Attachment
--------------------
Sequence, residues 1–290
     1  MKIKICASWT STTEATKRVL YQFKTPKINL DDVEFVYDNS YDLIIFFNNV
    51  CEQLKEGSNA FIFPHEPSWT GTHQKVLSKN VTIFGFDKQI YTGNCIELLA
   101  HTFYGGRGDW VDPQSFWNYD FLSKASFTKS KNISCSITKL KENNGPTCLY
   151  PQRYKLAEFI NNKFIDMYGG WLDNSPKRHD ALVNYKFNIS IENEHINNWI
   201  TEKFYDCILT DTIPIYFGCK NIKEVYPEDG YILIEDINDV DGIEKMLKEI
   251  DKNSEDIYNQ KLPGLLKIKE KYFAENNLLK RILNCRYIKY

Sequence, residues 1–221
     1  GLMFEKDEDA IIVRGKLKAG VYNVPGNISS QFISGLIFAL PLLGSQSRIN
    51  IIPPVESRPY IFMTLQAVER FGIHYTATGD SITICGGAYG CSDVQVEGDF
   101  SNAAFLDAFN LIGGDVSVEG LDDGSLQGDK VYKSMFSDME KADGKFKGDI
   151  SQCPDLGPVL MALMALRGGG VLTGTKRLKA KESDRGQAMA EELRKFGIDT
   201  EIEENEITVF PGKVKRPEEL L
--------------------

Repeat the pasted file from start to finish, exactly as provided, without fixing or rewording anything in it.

Sequence, residues 1–290
     1  MKIKICASWT STTEATKRVL YQFKTPKINL DDVEFVYDNS YDLIIFFNNV
    51  CEQLKEGSNA FIFPHEPSWT GTHQKVLSKN VTIFGFDKQI YTGNCIELLA
   101  HTFYGGRGDW VDPQSFWNYD FLSKASFTKS KNISCSITKL KENNGPTCLY
   151  PQRYKLAEFI NNKFIDMYGG WLDNSPKRHD ALVNYKFNIS IENEHINNWI
   201  TEKFYDCILT DTIPIYFGCK NIKEVYPEDG YILIEDINDV DGIEKMLKEI
   251  DKNSEDIYNQ KLPGLLKIKE KYFAENNLLK RILNCRYIKY

Sequence, residues 1–221
     1  GLMFEKDEDA IIVRGKLKAG VYNVPGNISS QFISGLIFAL PLLGSQSRIN
    51  IIPPVESRPY IFMTLQAVER FGIHYTATGD SITICGGAYG CSDVQVEGDF
   101  SNAAFLDAFN LIGGDVSVEG LDDGSLQGDK VYKSMFSDME KADGKFKGDI
   151  SQCPDLGPVL MALMALRGGG VLTGTKRLKA KESDRGQAMA EELRKFGIDT
   201  EIEENEITVF PGKVKRPEEL L